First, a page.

I’m a big fan of Bruce Springsteen’s music. He continually comes out with classic songs that will definitely stand the tests of time. His song “Tougher Than The Rest” helped me come up with this blog post…
Toughness is mental. It isn’t physical. Even if it is physical toughness, it has more to do with the mind’s ability to endure, than the body’s ability to persist through pain. Being in awesome shape simply gives you the tools to be physically tougher, but it doesn’t mean you’re going to be.
Toughness isn’t the absence of fear, but rather the acceptance of it. It’s the willingness to face your worst fears even though you’re scared to shit.
It’s hard to find clarity in the middle of the storm… but it’s something that we all have to do. When life is kicking our ass, the best of us will be able to see the opportunity for growth or success.
Of course, it’s easier said than done. If you’re in financial trouble, for example, all you see is what you can’t do – and there’s a lot that you can’t do. I’ve been there. Limitations surround you, and opportunity is harder to see. Appreciate the struggle, and appreciate the fire that is being lit under your ass because a lot of people don’t rise from this. They remain in a state self-pity.
Ever wonder why there are more average people than successful one’s? There are a lot of factors, but here are a few of the most important things that set them apart from everyone else:
- They have the ability to get back up after they have been – even devastatingly – beaten down.
- They have an incredible belief in what they’re doing, who they are, why they’re here, and where they’re going. They waver at times, but they always come back.
- They simply don’t take no for an answer. They push forward, and work harder, when most others would have already quit.
Great people rise. They thrive on pressure. Yes, they get down, we all do, but some of us stay there and others don’t.
Try and Fail
More is learned through defeat than success.
It’s a simple fact. We learn more about ourselves through failure than we do when everything is going great. We find out what kind of character we have, our work ethic, and our belief in our journey and in ourselves.
As soon as the shit hits the fan, most of us look for the easy way out. I have friends who have went through hell chasing their dream or their goal and have reached – or are in the process of reaching – the top of the mountain. When we talk about the tough times, it’s always with fondness.
“Man I miss those days. The fear of not knowing where the rent money was going to come from, or if it would come at all; the fear of not knowing if I was doing the right thing or going to succeed.” It’s that fear that is exhilarating. Of course they are proud of what they’re accomplishing, but they’re even more proud because they fought the good fight. The destination is a lot sweeter when you’ve had to fight to get there.
More is gained through failure than we ever realize. No matter what you do, you have to be prepared to lay it all on the line. You have to be prepared to completely fail and be left with nothing. You also have to be willing to get back up once you have lost everything.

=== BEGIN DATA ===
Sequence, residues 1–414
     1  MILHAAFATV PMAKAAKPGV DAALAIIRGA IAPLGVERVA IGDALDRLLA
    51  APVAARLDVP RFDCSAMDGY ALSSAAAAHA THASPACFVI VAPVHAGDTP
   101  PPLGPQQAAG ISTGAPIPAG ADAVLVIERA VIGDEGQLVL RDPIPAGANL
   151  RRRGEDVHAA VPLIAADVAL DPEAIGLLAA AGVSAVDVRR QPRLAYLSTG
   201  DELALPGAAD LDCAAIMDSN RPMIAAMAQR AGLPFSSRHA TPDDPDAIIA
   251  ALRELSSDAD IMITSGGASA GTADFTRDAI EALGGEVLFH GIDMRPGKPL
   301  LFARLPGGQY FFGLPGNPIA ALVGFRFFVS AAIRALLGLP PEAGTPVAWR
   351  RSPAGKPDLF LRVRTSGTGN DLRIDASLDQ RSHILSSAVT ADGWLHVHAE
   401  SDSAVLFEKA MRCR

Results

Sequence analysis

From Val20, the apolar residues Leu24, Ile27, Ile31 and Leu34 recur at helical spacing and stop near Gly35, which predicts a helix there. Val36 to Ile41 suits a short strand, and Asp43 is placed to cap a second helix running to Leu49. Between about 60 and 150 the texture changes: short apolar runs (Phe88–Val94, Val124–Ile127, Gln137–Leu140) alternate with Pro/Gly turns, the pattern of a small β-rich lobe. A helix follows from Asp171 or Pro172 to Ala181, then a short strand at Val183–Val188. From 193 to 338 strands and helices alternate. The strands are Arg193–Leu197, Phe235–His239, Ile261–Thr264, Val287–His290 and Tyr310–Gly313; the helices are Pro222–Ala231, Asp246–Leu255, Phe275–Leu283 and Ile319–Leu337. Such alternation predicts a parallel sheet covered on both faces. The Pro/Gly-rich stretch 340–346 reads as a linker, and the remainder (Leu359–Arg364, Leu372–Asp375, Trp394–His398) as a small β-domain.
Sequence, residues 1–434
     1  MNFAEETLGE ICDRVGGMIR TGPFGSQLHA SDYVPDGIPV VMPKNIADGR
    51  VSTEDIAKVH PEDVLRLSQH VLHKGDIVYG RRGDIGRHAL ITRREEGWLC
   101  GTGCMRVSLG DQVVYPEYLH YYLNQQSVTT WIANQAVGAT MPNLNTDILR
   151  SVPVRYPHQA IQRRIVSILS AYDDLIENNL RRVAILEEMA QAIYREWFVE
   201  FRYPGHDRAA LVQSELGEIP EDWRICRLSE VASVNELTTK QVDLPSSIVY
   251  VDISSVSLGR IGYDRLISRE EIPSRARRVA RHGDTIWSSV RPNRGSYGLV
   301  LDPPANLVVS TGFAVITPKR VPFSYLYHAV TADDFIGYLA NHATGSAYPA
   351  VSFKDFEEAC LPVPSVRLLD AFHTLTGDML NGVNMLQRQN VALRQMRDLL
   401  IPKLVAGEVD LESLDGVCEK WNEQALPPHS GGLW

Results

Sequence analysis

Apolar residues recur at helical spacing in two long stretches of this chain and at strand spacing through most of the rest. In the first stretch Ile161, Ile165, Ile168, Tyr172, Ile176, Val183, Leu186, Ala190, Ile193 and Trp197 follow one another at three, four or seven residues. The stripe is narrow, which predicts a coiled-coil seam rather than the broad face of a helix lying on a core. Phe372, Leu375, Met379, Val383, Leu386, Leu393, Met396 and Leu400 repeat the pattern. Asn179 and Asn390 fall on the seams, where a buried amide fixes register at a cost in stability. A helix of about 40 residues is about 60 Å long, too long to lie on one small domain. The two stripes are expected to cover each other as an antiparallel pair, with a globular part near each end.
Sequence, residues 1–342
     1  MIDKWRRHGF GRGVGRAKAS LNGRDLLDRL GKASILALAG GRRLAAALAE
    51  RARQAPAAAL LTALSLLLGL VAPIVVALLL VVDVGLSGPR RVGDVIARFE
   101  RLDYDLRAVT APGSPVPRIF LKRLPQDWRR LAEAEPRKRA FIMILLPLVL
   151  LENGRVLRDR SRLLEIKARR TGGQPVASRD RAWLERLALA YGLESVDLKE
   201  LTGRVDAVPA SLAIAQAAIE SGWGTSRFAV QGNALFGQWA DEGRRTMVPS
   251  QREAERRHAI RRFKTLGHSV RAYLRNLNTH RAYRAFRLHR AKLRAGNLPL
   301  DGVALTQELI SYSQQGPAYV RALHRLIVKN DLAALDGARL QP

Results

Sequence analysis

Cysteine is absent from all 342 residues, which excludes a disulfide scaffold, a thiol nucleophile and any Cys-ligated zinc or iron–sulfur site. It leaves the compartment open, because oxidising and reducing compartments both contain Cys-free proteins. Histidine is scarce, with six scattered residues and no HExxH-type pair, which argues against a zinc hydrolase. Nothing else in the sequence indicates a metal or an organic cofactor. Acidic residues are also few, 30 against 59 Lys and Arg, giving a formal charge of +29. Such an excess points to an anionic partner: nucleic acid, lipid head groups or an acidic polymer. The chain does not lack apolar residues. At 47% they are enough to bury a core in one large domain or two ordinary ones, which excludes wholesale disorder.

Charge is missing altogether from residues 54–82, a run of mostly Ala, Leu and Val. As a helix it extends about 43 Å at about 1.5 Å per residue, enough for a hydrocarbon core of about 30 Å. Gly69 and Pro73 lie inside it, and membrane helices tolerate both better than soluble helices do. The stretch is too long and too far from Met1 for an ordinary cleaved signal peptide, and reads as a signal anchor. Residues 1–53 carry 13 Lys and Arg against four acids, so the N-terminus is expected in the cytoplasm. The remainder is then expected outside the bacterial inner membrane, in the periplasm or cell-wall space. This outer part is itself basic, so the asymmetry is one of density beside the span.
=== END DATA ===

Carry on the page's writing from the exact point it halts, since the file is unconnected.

It’s not always actual failure that shows us what we’re made of, but struggle. You can struggle through the hard times and come out on top, and learn a ton about yourself. You have persevered when you could have just as easily quit.
Get Back Up and Try Again
Anyone can fail. But not everyone gets back up after they fail. Failure hurts, it sucks, it can break you, or it can make you. I don’t want to fill this article with cheesy lines but they’re true.
Victory isn’t as sweet, unless you have tasted the bitterness of defeat.
Toughness can be learned. It can be practiced and it can be developed, even in the gym. Actually, especially in the gym. Human beings don’t like pain. It isn’t natural to go down a road that is going to be painful, but that’s exactly what you can be doing in your training: developing your toughness.
How can you do this?
Train in a way that doesn’t have scheduled rest, or breaks from the pain of training. Train in a way that rewards perseverance through pain. Training through physical pain can prepare you for the emotional and spiritual pain of life.
Try the following workout. Don’t do it more than 3 times a week, because it’s going to be pretty tough on your body. 4 days a week of rest will help you see the benefits from the training.
It’s a challenge workout. Go through each exercise in order – or you can mix up the order – but complete the total amount of reps in each exercise (with minimal rest) before moving on to the next exercise. Time how long it takes for you to complete the entire workout.
The idea is to fail (rest) as little as you can, both in frequency and duration. Try this workout for 2 weeks and track your progress.
Start with a 5-10 minute warm-up – don’t go into this Challenge Workout cold!
1. Squats – 50 reps
2. Bench Press – 50 reps
3. Upright Row – 50 reps
4. Deadlift – 50 reps
5. Push-ups – 50 reps
6. Yates Row – 50 reps
7. Dips – 50 reps
8. Jumps – 50 reps (12-24 inch box as fast as possible)
If you want to get an abs workout in too – add hanging leg raise (30 reps) on to the end of the workout.
Weights for all exercises done with a barbell:
Group 1 – 95 lbs
Group 2 – 115 lbs
Group 3 – 155 lbs
I also recommend doing some rotator cuff exercises after each workout as well.
“I have failed over and over again in my life, and that is why I succeed.”